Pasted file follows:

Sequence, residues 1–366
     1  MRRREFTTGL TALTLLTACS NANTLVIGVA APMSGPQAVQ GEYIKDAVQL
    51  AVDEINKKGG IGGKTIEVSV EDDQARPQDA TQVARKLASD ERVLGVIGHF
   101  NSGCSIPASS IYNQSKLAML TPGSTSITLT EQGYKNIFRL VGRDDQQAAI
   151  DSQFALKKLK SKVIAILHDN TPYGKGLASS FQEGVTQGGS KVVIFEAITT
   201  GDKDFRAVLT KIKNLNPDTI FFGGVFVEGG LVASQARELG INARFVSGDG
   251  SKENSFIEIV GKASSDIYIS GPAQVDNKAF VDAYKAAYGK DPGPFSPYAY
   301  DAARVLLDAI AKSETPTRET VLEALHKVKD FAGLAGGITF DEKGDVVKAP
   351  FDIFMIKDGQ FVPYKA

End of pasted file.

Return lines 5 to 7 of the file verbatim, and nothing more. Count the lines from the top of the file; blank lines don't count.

   151  DSQFALKKLK SKVIAILHDN TPYGKGLASS FQEGVTQGGS KVVIFEAITT
   201  GDKDFRAVLT KIKNLNPDTI FFGGVFVEGG LVASQARELG INARFVSGDG
   251  SKENSFIEIV GKASSDIYIS GPAQVDNKAF VDAYKAAYGK DPGPFSPYAY